Chord Scales Learn the function of the individual notes in scales by matching them to the chords in your favorite songs
ost guitarists learn the fingerboard through scale practice. If you’ve done very much of this you’ve probably realized that, while scales are great finger exer-
cises and give you a basic sense of where the notes are on the fingerboard, if you don’t combine your finger work with some mental muscle you’re not going to know how to use those scales when it comes time to making music. (You’ve probably noticed that very few pieces of music consist of long strings of scales.) So, in addition to practicing scales, it’s good to remind yourself of the function of the individual notes of those scales. One way to do this is by practicing “chord scales”—the appropriate scale for each chord in a song’s progression. In this Weekly Workout we’ll do that with the chords to the first eight bars of the jazz standard “Autumn Leaves.” Now before you jazzophobes turn the page, let me point out that the first half of this progression is basically Am–D–G–C (a vi–V–I–VI progression in the key of G) and the second half is a ii–V–i in the key of Em, two basic progressions nearly anyone can relate to.
WEEK FOUR We could continue our progression of scales by starting the next batch of chord scales on the seventh and running up to the 13th, but I’ll let you do that yourself if you want. In this workout we’re going to use some of this chord-scale work to create a few single-note lines that would work as solo lines to “Autumn Leaves.” The first half of the first measure of Week Four’s workout is a motif that begins with a slightly syncopated three-note ascending scale fragment starting on the third of the chord, and this is followed in the second half of the measure with a three-note descending scale fragment that begins on the ninth. This motif is repeated for the D7 chord, although you’ll notice that the descending scale fragment is an octave lower. Measures 3 and 4 continue the rhythmic motif and basic idea but start the ascending phrase on the fifth and the descending phrase on the 11th. Measures 5, 6, and 8 begin the first phrase on the third and the second on the ninth, but the rhythmic idea has changed, and measure 7 begins the first phrase on the fifth and the second on the 11th with the same rhythmic idea as measures 5, 6, and 8. This may seem like a complicated, overly intellectual way to create simple melodic lines, and it is. But, once again, doing this consciously is a way to keep from starting every melody on basic chord tones like the root and third.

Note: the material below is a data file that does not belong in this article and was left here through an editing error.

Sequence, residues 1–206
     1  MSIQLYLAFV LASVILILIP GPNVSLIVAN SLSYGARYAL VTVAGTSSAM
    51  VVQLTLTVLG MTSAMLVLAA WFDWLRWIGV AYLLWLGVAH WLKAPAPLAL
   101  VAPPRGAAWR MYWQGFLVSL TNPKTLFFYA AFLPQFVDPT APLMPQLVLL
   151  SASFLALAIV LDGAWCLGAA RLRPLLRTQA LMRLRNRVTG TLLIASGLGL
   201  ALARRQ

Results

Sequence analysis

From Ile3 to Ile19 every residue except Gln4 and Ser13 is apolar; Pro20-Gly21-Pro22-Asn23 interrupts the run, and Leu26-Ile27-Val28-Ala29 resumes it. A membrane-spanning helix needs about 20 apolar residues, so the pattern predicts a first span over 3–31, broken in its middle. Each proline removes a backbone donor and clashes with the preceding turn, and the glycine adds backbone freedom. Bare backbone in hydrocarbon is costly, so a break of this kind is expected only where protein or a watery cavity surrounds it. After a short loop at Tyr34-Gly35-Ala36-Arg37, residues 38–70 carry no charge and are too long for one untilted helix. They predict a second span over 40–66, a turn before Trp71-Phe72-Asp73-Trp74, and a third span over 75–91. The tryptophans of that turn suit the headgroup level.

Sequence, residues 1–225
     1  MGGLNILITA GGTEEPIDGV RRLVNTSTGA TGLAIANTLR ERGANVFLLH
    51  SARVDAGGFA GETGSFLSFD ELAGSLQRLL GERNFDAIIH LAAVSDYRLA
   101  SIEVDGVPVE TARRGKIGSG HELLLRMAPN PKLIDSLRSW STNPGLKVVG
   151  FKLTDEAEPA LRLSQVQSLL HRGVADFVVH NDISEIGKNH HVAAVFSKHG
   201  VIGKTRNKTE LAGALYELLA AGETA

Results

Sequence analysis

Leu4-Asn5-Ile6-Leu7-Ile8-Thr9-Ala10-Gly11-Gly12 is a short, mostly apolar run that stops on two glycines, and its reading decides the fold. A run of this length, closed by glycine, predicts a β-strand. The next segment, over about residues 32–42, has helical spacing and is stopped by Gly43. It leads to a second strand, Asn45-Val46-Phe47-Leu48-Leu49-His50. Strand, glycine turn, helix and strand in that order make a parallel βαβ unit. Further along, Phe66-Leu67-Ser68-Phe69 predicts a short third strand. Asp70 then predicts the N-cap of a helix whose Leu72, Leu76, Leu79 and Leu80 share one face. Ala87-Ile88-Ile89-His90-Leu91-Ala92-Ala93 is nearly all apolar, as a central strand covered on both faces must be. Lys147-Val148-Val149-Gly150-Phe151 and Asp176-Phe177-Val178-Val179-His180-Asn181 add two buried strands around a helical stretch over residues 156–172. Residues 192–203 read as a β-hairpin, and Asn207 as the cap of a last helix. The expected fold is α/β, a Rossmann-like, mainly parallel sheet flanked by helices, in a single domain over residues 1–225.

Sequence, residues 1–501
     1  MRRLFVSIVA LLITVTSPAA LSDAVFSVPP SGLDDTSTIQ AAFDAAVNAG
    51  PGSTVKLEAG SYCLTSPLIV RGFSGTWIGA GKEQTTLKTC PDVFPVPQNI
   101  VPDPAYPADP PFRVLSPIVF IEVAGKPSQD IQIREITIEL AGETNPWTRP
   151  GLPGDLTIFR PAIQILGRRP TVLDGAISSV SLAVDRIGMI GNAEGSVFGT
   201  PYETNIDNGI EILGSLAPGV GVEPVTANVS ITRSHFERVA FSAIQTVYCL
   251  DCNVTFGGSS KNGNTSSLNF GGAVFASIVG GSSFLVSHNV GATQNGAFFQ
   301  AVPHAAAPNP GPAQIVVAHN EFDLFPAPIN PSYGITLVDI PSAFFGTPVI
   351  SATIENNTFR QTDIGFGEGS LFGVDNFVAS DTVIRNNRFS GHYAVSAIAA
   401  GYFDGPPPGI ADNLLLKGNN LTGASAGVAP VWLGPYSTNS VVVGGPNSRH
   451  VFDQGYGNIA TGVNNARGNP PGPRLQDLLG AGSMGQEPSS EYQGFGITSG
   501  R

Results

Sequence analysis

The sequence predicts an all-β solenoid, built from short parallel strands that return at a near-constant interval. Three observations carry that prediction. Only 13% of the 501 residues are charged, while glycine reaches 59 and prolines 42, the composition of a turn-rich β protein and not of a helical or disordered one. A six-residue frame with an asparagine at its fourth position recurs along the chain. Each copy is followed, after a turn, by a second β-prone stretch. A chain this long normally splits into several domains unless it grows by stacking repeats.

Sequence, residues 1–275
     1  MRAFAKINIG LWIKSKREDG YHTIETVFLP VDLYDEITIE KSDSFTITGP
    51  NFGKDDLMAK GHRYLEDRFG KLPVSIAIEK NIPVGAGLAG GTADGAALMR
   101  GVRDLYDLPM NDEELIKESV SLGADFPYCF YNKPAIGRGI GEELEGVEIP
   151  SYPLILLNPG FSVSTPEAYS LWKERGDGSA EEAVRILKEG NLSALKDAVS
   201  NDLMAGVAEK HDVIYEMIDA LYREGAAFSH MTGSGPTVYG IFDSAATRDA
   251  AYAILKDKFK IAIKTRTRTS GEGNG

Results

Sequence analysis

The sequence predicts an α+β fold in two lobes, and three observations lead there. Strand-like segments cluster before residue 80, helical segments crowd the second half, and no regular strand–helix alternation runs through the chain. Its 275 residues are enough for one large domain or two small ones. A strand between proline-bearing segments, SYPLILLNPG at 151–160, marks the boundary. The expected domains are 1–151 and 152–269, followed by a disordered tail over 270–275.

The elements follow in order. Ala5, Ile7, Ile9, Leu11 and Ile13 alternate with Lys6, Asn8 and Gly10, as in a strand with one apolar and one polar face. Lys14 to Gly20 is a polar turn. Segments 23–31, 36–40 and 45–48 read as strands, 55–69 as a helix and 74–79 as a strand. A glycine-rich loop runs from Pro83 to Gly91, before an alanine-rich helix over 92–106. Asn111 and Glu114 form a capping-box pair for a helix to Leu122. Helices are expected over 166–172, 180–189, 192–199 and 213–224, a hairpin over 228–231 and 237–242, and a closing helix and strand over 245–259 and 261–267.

EXTRA CREDIT The workout in Week Four is too mathematical sounding to be something you’d want to play all the way through in a solo. So this extra credit uses some ideas derived from chord scales but varies them enough to sound more like real solo lines. Example 1 consists of some scale-based lines that begin on the third, seventh, fifth, or 11th, as indicated between the staffs. Once you’ve learned the function of the notes in the scales you’re playing, you can use this knowledge in numerous ways. For example, suppose you’ve come up with the melodic line notated as the first two bars of Example 2. Do a simple analysis of the notes in the melody (shown between staffs) and you’ll see that this melody consists of the root, seventh, third, ninth, fifth, and 11th of Am7, followed by the third and ninth of D7. If you want to re-create this melody over different chords, you just need to play the appropriate intervals when you go to the next chord, as I’ve done in measures 3–4 over the Gmaj7 and Cmaj7 chords,
measures 5–6 over the F#m7b5 and B7b9 chords, and measures 7–8 over the Em7 chord. You’ll notice that I’ve shifted octaves a few times and changed the rhythm of the phrases to make them a little more varied. The only modification I’ve made in the order of notes is on the Gmaj7 chord, where I swapped the fifth and 11th so the melody didn’t linger on the 11th of the Gmaj7 chord. I hope these exercises not only give your fingers and brain a workout, but also give you some ideas for creating solo lines. Try this with some of the other songs and chord progressions you play and your knowledge of the fingerboard should increase exponentially. I hope these exercises not only give your fingers and brain a workout, but also give you some ideas for creating solo lines. Try this with some of the other songs and chord progressions you play and your knowledge of the fingerboard should increase exponentially. 2.